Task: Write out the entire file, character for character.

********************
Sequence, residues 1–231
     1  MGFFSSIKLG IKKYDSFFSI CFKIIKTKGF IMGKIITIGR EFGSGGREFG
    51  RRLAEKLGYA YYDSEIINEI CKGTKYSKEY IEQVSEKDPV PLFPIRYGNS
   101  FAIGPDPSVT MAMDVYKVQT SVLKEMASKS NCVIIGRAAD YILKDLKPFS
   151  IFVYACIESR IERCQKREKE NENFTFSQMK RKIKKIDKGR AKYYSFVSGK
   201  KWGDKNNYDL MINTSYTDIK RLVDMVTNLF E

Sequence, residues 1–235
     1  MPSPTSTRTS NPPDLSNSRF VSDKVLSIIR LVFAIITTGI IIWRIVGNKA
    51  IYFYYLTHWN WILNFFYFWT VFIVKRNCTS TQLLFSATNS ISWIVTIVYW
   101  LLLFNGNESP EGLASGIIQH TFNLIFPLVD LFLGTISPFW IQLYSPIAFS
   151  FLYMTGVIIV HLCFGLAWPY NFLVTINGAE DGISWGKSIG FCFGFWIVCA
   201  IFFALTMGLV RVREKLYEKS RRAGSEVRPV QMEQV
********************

Sequence, residues 1–231
     1  MGFFSSIKLG IKKYDSFFSI CFKIIKTKGF IMGKIITIGR EFGSGGREFG
    51  RRLAEKLGYA YYDSEIINEI CKGTKYSKEY IEQVSEKDPV PLFPIRYGNS
   101  FAIGPDPSVT MAMDVYKVQT SVLKEMASKS NCVIIGRAAD YILKDLKPFS
   151  IFVYACIESR IERCQKREKE NENFTFSQMK RKIKKIDKGR AKYYSFVSGK
   201  KWGDKNNYDL MINTSYTDIK RLVDMVTNLF E

Sequence, residues 1–235
     1  MPSPTSTRTS NPPDLSNSRF VSDKVLSIIR LVFAIITTGI IIWRIVGNKA
    51  IYFYYLTHWN WILNFFYFWT VFIVKRNCTS TQLLFSATNS ISWIVTIVYW
   101  LLLFNGNESP EGLASGIIQH TFNLIFPLVD LFLGTISPFW IQLYSPIAFS
   151  FLYMTGVIIV HLCFGLAWPY NFLVTINGAE DGISWGKSIG FCFGFWIVCA
   201  IFFALTMGLV RVREKLYEKS RRAGSEVRPV QMEQV